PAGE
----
Wednesday, December 5, 2012

Making a difference


In spite of the many challenges they face, a KGBV in the remote Bordha village in Vadodara district has helped many tribal girls by giving them access to education

Eisha Sarkar
Published in Success Stories in Education Gujarat 2012 by UNICEF and Sarva Shiksha Abhiyan

The drone of 25-odd girls reciting Math multiplication tables rises above the smoke from a kitchen woodfire that fills a classroom in the Kasturba Gandhi Balika Vidyalaya (KGBV) near Bordha village (82.7 km from Vadodara city). They stop their lessons to welcome the visitors.

Cooking makai rotlas (flatbread made of corn) on woodfires in the KGBV's kitchen

At this remote residential school for tribal girls in Pavi Jetpur taluka visitors are few. “During the monsoon, the roads turn into streams. Few people can make it this far,” says Sonalben Savlaben Damo as she enters the tiny ‘office’ which has a table, a few chairs, a cupboard full of books and charts and walls which are adorned with the students’ art and craft works. Damo, who is a native of neighboring Dahod district, has been heading the team of seven teachers here since 2009. The KGBV at Bordha was opened in December 2008 by Mahila Samakhya, a welfare organization for girls’ education.

The KGBV scheme

The KGBV is so remote, it takes 3.5 hours from Vadodara city to get there

Launched in July 2004 by the Government of India, KGBV is a scheme for setting up residential schools at the upper primary level for girls belonging predominantly to the Scheduled Caste (SC), Scheduled Tribe (ST), Socially and Economically Backward Classes (SEBC) and minority communities. The scheme is being implemented in educationally backward blocks of the country where the female rural literacy is below the national average (65.46 per cent as per Census 2011) and the gender gap in literacy is above the national average (16.68 percentage points as per Census 2011). The scheme provides for a minimum reservation of 75 per cent of the seats for girls belonging to SC, ST, SEBC or minority communities and priority for the remaining 25 per cent, is given to girls from families below poverty line.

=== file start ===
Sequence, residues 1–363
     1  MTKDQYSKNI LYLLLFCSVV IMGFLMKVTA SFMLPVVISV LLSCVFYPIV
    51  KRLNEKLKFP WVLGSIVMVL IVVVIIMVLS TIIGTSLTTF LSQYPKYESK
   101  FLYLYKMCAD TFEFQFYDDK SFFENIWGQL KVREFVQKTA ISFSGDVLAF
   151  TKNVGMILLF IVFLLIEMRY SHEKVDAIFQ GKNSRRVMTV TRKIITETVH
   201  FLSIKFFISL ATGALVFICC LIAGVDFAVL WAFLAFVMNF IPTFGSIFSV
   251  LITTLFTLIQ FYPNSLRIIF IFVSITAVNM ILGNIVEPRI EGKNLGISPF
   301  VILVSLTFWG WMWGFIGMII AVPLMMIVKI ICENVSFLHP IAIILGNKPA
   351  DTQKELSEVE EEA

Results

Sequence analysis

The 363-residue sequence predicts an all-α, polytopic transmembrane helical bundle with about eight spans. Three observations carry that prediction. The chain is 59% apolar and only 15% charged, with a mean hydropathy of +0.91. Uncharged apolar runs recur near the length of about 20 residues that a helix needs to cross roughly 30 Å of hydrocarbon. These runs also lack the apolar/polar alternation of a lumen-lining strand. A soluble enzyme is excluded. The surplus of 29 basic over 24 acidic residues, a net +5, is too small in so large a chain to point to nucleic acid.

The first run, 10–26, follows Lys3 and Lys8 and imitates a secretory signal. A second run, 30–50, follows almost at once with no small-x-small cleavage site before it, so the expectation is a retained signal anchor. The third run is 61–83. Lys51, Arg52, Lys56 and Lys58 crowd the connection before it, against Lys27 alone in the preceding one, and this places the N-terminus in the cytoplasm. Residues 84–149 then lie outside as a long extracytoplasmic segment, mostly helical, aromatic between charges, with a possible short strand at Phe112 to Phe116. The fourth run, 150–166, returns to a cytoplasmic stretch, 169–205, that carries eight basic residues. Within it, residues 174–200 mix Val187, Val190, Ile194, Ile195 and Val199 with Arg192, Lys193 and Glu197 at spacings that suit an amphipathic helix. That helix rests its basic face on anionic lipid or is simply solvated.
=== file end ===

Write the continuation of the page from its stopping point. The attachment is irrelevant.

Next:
Bringing out-of-school girls into schooling

Nearly all the girls belong to the orthodox Rathwa community

“In 2009, there were 66 girls from this area who were studying at this KGBV. Now, we have 116, of which 115 belong to the conservative Rathwa tribe. Just the fact that there is a KGBV here has given many out-of-school children the opportunity to go to school,” says Damo, holds a Bachelor’s degree in Home Science from Vallabh Vidyanagar. The girls study in Standards V to VIII and are between 10-14 years of age. Before the KGBV was set up, many of them had been forced to work as migrant laborers in farms to supplement their families’ incomes. “My parents work in farms. Whenever they would find some work, they would make me leave school and take me along to labor too. Then, when this KGBV opened, they decided to put me here so that I could continue my education while they would work in Kutch,” says 14-year-old Kajal Rathwa who studies in Standard VII. 

Blending activity with learning